Discover a way to sum square numbers by building cuboids from small cubes. Can you picture how the sequence will grow?

An irregular tetrahedron has two opposite sides the same length a and the line joining their midpoints is perpendicular to these two edges and is of length b. What is the volume of the tetrahedron?

This is an interactive net of a Rubik's cube. Twists of the 3D cube become mixes of the squares on the 2D net. Have a play and see how many scrambles you can undo!

If all the faces of a tetrahedron have the same perimeter then show that they are all congruent.

Small circles nestle under touching parent circles when they sit on the axis at neighbouring points in a Farey sequence.

You have 27 small cubes, 3 each of nine colours. Use the small cubes to make a 3 by 3 by 3 cube so that each face of the bigger cube contains one of every colour.

In a three-dimensional version of noughts and crosses, how many winning lines can you make?

A bicycle passes along a path and leaves some tracks. Is it possible to say which track was made by the front wheel and which by the back wheel?

Takes you through the systematic way in which you can begin to solve a mixed up Cubic Net. How close will you come to a solution?

P is a point on the circumference of a circle radius r which rolls, without slipping, inside a circle of radius 2r. What is the locus of P?

Find the ratio of the outer shaded area to the inner area for a six pointed star and an eight pointed star.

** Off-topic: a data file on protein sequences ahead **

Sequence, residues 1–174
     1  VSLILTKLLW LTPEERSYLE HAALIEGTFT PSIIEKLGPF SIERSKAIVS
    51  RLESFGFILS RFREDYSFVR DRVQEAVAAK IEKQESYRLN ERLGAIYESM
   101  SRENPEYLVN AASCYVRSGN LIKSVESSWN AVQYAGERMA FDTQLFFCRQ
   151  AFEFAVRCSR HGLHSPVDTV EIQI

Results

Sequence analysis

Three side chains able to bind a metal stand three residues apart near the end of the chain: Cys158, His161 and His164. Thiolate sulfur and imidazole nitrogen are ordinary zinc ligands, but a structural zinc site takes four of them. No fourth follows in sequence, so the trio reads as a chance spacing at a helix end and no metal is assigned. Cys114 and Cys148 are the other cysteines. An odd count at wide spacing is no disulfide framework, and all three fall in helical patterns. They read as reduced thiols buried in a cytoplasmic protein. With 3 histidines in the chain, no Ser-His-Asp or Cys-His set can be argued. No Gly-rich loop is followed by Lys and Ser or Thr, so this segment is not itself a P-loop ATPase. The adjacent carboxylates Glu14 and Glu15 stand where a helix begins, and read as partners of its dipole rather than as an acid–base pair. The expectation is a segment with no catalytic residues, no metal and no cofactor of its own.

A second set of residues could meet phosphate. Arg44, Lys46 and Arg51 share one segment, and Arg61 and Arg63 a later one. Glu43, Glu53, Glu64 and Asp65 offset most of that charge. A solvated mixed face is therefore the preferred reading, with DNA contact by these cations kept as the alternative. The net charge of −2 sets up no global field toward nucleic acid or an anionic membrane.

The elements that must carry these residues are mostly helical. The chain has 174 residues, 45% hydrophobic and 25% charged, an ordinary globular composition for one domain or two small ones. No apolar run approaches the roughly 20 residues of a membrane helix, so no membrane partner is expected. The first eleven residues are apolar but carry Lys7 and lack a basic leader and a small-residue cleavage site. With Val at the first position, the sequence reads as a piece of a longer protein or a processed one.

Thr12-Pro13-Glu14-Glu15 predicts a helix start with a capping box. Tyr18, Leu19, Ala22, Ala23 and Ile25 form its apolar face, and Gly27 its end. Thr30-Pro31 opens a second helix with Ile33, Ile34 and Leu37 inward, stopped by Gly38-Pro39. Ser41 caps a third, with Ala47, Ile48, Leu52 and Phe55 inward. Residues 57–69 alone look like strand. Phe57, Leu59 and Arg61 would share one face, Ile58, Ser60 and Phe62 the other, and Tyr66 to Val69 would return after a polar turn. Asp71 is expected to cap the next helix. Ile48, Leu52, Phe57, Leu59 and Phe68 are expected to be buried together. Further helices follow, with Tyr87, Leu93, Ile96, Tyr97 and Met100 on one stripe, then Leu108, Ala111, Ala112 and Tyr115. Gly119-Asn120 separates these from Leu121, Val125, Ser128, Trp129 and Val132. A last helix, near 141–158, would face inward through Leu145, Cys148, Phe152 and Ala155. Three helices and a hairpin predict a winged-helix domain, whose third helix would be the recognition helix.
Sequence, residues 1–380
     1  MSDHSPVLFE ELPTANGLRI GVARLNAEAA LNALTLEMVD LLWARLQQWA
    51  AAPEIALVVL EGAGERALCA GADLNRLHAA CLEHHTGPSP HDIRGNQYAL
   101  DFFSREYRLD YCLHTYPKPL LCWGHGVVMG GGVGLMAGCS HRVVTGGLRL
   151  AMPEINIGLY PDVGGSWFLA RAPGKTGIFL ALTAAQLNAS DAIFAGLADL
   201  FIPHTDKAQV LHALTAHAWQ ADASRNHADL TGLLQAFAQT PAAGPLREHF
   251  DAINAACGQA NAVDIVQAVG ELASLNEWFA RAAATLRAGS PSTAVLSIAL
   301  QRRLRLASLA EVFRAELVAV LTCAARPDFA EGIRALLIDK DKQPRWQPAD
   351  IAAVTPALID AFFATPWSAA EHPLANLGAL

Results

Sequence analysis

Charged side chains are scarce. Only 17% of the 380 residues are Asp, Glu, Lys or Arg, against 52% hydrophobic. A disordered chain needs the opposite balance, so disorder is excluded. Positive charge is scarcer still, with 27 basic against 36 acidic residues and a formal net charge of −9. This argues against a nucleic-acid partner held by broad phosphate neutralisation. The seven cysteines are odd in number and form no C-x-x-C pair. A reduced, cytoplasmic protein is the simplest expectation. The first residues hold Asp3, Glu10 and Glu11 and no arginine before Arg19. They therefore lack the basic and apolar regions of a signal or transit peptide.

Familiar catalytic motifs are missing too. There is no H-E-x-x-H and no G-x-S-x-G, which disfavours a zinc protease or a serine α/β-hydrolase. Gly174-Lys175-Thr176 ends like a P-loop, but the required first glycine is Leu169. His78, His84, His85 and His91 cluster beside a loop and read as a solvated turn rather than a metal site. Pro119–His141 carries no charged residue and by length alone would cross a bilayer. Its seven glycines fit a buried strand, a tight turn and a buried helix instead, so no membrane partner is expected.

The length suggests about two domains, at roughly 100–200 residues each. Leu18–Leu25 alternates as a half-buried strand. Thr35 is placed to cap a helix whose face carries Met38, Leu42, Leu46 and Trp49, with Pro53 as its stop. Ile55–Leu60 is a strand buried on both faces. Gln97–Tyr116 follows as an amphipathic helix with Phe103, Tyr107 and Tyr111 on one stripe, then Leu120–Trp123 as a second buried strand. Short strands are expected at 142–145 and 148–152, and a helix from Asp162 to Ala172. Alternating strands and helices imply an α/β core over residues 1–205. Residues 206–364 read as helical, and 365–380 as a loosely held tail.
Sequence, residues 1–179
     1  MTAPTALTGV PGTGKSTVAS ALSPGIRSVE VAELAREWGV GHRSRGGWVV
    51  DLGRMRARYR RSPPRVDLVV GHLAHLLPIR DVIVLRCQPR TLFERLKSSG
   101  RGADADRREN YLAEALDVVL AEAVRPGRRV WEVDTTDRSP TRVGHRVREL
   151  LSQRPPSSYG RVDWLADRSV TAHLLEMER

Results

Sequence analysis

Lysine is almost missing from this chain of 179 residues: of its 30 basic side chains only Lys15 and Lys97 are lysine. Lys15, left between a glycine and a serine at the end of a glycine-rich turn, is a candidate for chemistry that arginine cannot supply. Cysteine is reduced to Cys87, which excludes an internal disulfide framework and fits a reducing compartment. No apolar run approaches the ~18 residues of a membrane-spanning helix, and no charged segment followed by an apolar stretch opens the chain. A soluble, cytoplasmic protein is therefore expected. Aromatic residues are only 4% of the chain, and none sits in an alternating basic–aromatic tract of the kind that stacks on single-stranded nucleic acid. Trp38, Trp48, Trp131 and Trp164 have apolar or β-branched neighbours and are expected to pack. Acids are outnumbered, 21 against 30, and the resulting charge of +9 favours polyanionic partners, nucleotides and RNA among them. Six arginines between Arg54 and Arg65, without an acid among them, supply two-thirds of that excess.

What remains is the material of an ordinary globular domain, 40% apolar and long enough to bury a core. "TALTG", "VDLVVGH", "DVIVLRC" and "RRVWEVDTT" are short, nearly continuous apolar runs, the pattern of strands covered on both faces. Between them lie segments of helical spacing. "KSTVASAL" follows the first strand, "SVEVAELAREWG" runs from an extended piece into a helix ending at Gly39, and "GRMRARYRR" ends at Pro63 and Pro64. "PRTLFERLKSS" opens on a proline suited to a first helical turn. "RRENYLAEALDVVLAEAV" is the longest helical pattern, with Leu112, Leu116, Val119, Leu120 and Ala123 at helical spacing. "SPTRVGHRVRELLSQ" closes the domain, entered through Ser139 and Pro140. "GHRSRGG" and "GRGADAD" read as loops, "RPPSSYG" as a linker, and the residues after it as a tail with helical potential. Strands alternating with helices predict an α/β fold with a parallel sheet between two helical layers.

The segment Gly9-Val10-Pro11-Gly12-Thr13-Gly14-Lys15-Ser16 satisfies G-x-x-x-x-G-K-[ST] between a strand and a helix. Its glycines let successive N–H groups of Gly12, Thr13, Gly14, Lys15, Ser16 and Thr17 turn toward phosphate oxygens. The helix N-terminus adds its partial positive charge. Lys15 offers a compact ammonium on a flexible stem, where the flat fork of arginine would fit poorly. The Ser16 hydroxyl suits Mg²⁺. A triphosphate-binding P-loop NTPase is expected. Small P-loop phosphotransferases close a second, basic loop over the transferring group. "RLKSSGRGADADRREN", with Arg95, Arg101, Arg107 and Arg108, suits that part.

A and C are the opposite vertices of a square ABCD, and have coordinates (a,b) and (c,d), respectively. What are the coordinates of the vertices B and D? What is the area of the square?

A triangle PQR, right angled at P, slides on a horizontal floor with Q and R in contact with perpendicular walls. What is the locus of P?

A circular plate rolls in contact with the sides of a rectangular tray. How much of its circumference comes into contact with the sides of the tray when it rolls around one circuit?

A visualisation problem in which you search for vectors which sum to zero from a jumble of arrows. Will your eyes be quicker than algebra?

A circular plate rolls inside a rectangular tray making five circuits and rotating about its centre seven times. Find the dimensions of the tray.

A cheap and simple toy with lots of mathematics. Can you interpret the images that are produced? Can you predict the pattern that will be produced using different wheels?

This is the first article in a series which aim to provide some insight into the way spatial thinking develops in children, and draw on a range of reported research. The focus of this article is the. . . .

Two intersecting circles have a common chord AB. The point C moves on the circumference of the circle C1. The straight lines CA and CB meet the circle C2 at E and F respectively. As the point C. . . .

A circle is inscribed in an equilateral triangle. Smaller circles touch it and the sides of the triangle, the process continuing indefinitely. What is the sum of the areas of all the circles?

Consider a watch face which has identical hands and identical marks for the hours. It is opposite to a mirror. When is the time as read direct and in the mirror exactly the same between 6 and 7?

See if you can anticipate successive 'generations' of the two animals shown here.

Can you recreate these designs? What are the basic units? What movement is required between each unit? Some elegant use of procedures will help - variables not essential.

Can you find a rule which relates triangular numbers to square numbers?